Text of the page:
PA Alimony Attorneys Fight to Obtain Favorable Alimony and Spousal Support Awards for Clients
One of the biggest concerns that many divorcing couples have is the impact the divorce will have on each spouse’s finances and standard of living once the divorce is finalized. To ensure that each spouse has a stable financial situation and enjoys a relatively similar standard of living to what they enjoyed during the marriage, courts can impose alimony and spousal support awards. Alimony and spousal support are intended to ensure that separated and divorced spouses maintain financial stability and a modicum of financial equality after divorce.
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The Souderton alimony lawyers of Rubin, Glickman, Steinberg & Gifford are familiar with how alimony and spousal support issues can inject even more raw emotions into an already tense divorce proceeding. When you and your spouse make the decision to divorce and move on with your lives, you both want to move on as quickly as possible. We understand the need to swiftly reach an agreement between spouses to allow them to begin the process of moving on. We also know that alimony can be critical to helping one spouse financially adjust to living independently after the marriage ends. We strive to ensure that all our clients are treated fairly by the alimony laws.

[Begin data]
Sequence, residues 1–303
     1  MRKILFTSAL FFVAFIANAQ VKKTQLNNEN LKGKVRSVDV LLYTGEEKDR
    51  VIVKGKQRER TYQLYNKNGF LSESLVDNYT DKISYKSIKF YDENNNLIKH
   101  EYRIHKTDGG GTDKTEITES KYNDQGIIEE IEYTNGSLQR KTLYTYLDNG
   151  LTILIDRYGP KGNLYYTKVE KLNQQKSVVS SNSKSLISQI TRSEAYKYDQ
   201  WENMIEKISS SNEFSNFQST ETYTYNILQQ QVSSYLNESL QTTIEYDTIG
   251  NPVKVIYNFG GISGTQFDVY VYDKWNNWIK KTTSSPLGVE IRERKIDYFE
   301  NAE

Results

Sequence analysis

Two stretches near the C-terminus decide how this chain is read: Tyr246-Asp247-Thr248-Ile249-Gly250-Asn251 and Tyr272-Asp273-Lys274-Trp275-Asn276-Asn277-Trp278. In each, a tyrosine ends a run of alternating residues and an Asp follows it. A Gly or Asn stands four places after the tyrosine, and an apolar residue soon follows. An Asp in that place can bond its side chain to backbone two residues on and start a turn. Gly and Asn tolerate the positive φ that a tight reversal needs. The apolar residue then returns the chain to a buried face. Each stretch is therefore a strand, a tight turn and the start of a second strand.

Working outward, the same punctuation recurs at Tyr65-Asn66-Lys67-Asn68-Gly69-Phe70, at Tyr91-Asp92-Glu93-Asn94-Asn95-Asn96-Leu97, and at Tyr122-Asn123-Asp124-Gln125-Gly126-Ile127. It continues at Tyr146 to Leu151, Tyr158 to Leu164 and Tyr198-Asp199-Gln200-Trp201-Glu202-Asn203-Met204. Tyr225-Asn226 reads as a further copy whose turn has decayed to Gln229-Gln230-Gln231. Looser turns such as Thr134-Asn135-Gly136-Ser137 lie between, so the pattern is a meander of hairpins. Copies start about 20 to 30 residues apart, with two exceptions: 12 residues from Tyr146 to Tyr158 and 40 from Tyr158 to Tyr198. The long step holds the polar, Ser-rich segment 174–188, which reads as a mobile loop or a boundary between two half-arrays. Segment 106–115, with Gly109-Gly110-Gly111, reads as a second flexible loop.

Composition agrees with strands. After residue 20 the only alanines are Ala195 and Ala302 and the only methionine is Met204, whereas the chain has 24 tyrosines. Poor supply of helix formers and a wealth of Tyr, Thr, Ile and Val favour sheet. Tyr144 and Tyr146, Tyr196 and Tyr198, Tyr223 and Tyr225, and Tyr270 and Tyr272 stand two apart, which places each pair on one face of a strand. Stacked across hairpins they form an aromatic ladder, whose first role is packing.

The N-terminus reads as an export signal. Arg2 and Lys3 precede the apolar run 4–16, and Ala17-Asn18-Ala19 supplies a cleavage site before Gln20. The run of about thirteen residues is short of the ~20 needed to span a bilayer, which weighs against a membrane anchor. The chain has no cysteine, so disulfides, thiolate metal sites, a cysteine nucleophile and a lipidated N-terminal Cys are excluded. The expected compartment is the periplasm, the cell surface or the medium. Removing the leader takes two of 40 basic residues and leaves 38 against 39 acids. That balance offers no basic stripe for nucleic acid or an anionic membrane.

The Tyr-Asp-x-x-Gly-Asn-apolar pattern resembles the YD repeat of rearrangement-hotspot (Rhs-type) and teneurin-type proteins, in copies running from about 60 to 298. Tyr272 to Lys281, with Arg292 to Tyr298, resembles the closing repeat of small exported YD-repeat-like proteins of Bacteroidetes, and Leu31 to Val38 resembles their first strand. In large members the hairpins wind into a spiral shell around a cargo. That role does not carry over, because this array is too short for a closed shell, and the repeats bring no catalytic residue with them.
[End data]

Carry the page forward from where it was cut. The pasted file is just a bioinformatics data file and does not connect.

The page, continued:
Types of Alimony Available Under Pennsylvania Law
Although you may understand alimony and spousal support to be interchangeable, in reality, they are similar but incur different types of payment obligations. Pennsylvania law recognizes three types of payments that can be arranged between divorcing or divorced spouses:
- Spousal support: These are payments that can be ordered for a period when spouses have physically separated but are not yet divorced
- Alimony pendente lite: Also known as interim alimony, these are temporary alimony payments that can be ordered for the pendency of divorce proceedings, which will terminate upon the final judgment of divorce and a final alimony order, if any
- Alimony: These are the payments that are ordered as part of a final judgment of divorce; they may also be agreed upon by divorcing spouses as part of a pre-nuptial, post-nuptial, or property settlement agreement and incorporated into the judgment of divorce by the court
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It is important to note that while true alimony is part of the final order divorcing a couple, it does not mean that alimony is permanent. A court may decide to order alimony to continue for a specific period of time after the divorce is finalized, or to terminate in certain circumstances such as the remarriage of the receiving spouse. In addition, either spouse may petition the court to modify or terminate an existing alimony order for changed circumstances, such as a paying spouse’s decrease or increase in income, or a change in the receiving spouse’s living arrangements or financial needs.
How Dedicated Alimony Lawyers at Rubin, Glickman, Steinberg & Gifford Advocate for Your Rights in Alimony Cases
Courts consider a statutorily-defined list of factors when determining whether to order alimony payments and calculating what those payments should be. These factors include: